American electric vehicle manufacturer Tesla has submitted an application to become an electricity generator in Great Britain, documents from energy regulator Ofgem has shown. This is “for the purpose of giving a supply to any premises or enabling a supply so given” to areas specified to be “Great Britain, the territorial sea adjacent to Great Britain or in a Renewable Energy Zone,” Autocar has reported.

The application was signed off by energy products sales director at Tesla, Evan Rice, and the report points to suggestions that the EV maker could be involved in a large-scale battery manufacturing project such as the one it built in Australia in 2016, according to the magazine.

Other possibilities are that Tesla is heading into the energy aggregation market, said Autocar. The American firm currently has an Autobidder platform which enables automated energy trading, which generates revenue from distribution of batteries and real-time trading.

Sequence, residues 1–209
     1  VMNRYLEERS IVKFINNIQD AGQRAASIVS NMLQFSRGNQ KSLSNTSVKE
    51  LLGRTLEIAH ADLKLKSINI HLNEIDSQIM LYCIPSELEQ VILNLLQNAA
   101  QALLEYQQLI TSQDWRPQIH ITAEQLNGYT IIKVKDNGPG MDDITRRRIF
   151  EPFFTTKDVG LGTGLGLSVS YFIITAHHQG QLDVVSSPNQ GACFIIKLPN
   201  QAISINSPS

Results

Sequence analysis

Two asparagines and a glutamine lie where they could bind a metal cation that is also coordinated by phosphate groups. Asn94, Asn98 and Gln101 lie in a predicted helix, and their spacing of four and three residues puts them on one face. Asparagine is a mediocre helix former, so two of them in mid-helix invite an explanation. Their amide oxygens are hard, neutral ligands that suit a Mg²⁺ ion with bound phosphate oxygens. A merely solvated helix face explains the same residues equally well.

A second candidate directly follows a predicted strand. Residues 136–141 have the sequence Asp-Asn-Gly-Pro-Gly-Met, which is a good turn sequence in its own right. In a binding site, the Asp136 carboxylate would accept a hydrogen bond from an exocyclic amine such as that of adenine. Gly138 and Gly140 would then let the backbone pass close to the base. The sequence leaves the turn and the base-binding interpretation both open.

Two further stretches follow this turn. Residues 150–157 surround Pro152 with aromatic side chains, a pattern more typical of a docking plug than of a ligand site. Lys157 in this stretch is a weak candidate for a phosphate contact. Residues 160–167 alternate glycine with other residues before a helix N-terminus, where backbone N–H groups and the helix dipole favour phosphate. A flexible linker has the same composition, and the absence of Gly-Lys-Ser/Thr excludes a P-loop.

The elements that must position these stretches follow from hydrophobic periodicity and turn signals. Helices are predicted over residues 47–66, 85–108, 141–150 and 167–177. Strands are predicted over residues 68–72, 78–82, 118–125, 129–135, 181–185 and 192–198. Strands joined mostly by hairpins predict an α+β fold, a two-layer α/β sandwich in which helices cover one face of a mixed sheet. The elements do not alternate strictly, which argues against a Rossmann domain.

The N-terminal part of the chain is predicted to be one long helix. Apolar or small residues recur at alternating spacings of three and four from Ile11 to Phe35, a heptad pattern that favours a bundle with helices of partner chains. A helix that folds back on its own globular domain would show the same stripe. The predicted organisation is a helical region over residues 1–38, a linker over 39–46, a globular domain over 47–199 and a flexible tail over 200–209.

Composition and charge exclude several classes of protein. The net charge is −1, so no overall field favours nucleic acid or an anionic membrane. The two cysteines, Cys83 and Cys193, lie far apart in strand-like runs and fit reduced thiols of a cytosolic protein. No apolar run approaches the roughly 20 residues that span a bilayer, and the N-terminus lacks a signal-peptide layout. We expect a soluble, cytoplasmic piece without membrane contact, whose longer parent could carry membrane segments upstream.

Other automakers which have delved into energy generation and storage include Volkswagen, which is developing a vehicle-to-grid system that aims to stabilise the energy grid in times of excess supply by selling electricity back to the grid when supply from wind and solar power are reduced.

This will bring Volkswagen 350 GWh worth of energy storage at its disposal through its EV fleet by 2025, and this will grow to 1 terawatt-hour by 2030, said the German automaker’s chief strategist Michael Jost. Elsewhere, German utility firm E.ON is also working with Nissan with the second-generation Leaf on vehicle-to-grid electricity services.